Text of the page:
Calamity Jane was a larger-than-life character of the Old West. She told exaggerated accounts of her own exploits and left history with the impossible task of separating fact from fiction.

Calamity Jane in 1895 (aged 43)
Calamity Jane in 1895 (aged 43)

The reason for her nickname forms part of the mystery. She herself told the story that one Captain Egan, whom she had allegedly just rescued from an Indian ambush in Wyoming and carried back to the fort on her own horse, on recovery said to her:

“I name you Calamity Jane, the heroine of the plains.”

But why the word ‘calamity’ which has negative connotations? In any case, the story has all the hallmarks of her usual spin-doctoring. A more plausible explanation is that she used to tell men that if they offended her they would ‘court Calamity’. Jane was her middle name.

Calamity Jane was born Martha Jane Cannary in 1852. Her toughness and resilience arose out of her childhood as the eldest of six children with a father who gambled and a mother who worked as a prostitute. When her parents died, she took charge of her younger siblings and worked hard in a range of jobs including prostitution, which was better paid than the others, in order to support them.

When she wasn’t working as a prostitute, she began dressing as a man and adopting the persona of a man which was easy with her powerful build provided she kept her clothes on. In 1875, on General Crook’s expedition against the Sioux as a bullwhacker (she could snap thirty-foot whips), she happened to swim naked in a river and so her sex was discovered; she was sent back.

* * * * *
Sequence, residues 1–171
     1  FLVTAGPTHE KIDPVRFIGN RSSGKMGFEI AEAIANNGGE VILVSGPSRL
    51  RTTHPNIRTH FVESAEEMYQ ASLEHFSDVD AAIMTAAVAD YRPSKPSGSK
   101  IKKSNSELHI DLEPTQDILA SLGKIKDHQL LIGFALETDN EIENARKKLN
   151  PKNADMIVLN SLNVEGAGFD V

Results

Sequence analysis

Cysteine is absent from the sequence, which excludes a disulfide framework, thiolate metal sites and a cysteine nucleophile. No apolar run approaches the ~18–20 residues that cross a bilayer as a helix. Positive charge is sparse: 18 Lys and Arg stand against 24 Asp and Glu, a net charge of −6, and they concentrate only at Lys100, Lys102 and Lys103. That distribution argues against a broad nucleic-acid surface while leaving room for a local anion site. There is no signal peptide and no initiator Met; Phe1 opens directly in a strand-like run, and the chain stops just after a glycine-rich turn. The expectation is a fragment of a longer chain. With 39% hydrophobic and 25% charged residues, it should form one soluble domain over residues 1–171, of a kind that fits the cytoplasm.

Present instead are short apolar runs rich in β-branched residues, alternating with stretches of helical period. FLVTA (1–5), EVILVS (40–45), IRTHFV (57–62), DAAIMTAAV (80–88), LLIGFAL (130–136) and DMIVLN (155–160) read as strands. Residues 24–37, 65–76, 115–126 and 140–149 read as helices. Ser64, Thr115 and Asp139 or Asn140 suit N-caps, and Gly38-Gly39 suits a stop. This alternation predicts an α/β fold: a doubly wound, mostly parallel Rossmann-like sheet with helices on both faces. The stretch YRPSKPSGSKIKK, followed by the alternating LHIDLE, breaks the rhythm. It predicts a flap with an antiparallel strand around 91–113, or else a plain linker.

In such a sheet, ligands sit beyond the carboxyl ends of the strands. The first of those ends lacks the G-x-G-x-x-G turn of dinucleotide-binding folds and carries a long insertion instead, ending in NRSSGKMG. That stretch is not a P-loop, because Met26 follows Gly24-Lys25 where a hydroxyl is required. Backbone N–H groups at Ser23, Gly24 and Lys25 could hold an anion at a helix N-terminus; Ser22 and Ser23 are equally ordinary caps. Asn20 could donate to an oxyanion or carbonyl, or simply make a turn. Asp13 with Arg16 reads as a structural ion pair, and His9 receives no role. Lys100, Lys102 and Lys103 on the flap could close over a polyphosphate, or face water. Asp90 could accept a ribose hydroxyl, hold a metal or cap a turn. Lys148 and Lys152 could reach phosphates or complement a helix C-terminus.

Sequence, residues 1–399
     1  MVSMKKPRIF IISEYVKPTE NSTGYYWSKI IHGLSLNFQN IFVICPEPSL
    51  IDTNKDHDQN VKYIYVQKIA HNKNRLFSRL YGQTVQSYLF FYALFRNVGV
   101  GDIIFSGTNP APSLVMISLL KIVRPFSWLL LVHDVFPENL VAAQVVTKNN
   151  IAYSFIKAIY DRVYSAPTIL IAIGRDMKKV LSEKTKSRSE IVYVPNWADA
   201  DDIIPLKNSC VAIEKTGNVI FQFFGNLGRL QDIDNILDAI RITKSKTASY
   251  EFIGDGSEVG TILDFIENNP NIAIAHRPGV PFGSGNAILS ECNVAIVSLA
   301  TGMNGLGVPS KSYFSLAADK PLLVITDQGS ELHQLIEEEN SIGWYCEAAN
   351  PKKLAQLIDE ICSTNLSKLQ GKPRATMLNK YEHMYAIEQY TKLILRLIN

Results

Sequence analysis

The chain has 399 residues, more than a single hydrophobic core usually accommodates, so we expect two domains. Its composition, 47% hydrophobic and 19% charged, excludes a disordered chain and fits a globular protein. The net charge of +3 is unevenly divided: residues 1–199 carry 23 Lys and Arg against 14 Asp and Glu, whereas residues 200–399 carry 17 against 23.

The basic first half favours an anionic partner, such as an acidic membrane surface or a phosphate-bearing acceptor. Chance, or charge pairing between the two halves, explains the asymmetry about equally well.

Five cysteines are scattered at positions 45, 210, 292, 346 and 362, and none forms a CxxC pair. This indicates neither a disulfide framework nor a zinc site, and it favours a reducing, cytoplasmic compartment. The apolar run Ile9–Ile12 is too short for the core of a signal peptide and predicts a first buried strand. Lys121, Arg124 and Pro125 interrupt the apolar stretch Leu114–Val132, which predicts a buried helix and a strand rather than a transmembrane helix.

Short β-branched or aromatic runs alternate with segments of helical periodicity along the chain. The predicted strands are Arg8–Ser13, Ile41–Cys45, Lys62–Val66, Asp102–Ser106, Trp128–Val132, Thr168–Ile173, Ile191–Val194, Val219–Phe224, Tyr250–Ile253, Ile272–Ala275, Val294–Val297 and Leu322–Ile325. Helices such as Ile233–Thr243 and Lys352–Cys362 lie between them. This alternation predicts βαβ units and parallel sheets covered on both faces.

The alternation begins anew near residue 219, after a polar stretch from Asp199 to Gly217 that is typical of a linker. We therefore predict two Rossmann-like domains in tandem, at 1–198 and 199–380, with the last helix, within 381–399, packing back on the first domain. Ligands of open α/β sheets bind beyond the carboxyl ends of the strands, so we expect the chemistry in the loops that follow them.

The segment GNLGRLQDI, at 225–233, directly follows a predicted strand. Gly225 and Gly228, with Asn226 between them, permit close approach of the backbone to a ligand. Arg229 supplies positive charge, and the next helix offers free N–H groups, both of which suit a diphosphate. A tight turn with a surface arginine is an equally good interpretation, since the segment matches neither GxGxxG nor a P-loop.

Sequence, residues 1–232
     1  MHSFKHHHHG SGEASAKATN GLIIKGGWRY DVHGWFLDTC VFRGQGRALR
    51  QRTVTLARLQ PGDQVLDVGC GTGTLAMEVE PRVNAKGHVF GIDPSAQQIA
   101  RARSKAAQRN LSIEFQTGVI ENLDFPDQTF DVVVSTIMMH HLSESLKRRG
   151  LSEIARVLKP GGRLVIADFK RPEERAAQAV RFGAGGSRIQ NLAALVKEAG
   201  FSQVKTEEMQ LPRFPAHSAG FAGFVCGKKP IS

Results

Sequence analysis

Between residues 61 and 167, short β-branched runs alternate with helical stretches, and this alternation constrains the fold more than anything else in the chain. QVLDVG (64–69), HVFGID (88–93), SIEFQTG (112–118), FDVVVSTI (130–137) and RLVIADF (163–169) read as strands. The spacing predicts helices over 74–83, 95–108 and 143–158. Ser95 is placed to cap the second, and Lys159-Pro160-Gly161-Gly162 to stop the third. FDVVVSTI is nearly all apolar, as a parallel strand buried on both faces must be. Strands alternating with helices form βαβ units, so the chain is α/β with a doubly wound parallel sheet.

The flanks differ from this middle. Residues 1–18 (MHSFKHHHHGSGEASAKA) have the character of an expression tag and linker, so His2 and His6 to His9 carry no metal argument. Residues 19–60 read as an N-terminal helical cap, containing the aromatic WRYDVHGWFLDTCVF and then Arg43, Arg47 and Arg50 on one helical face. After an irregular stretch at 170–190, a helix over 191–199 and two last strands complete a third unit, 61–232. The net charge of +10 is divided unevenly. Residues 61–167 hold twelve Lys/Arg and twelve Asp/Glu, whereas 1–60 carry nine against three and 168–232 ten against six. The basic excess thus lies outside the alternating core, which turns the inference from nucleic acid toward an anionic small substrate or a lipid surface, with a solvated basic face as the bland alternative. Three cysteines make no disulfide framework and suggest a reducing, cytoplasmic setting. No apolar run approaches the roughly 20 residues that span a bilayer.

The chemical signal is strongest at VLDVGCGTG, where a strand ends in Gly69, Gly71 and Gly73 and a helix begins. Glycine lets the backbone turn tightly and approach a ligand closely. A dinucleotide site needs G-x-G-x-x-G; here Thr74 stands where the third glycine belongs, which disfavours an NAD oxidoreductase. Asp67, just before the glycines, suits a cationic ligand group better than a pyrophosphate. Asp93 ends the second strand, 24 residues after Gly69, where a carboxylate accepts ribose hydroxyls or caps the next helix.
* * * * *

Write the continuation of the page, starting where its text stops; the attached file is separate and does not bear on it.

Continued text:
Wild Bill Hickok
Wild Bill Hickok

After wandering for a while, associating with miners, railroad workers and soldiers, drinking heavily and being frequently arrested, Calamity Jane took up residence in 1876 in Deadwood, Dakota Territory. Deadwood was an outlaw town, hard-drinking and hard-gambling, which suited her personality. Here she met various other characters, including Wild Bill Hickok whom some sources say she married and even had a daughter with, but there is no hard evidence for this, any more than there is evidence for her having gone after Hickok’s murderer with a meat cleaver as she claimed.

She was most definitely a show-woman. She is supposed to have performed as a sharpshooter astride a horse in Buffalo Bill’s Wild West Show, although other sources claim she just came on stage in her cowboy outfit and told stories. One time she was watching a play and didn’t like the denouement. She stood up and let fly with a stream of tobacco juice which hit the leading lady in the eye. The audience was delighted.

One thing seems to be certain in the midst of all the legends and wild boasting and that is that there was a very likeable side to Calamity Jane. She was helpful, generous, and even willing to risk danger on behalf of other people. In 1877 she rescued a stagecoach which was being pursued by Indians. The driver had an arrow in him so she took over and drove them all to safety. In 1878 there was a smallpox epidemic in Deadwood and she stayed in the log pesthouse at great personal risk in order to nurse the patients.

Calamity Jane died, probably of alcoholism, in 1903. She was buried next to Wild Bill Hickok most likely at her request. She had been rowdy, self-glorifying, frequently drunk and most definitely unladylike, but people flocked to her funeral. As one well-wisher commented:
“Her vices were the wide-open sins of a wide-open country – the sort that never carried a hurt”.

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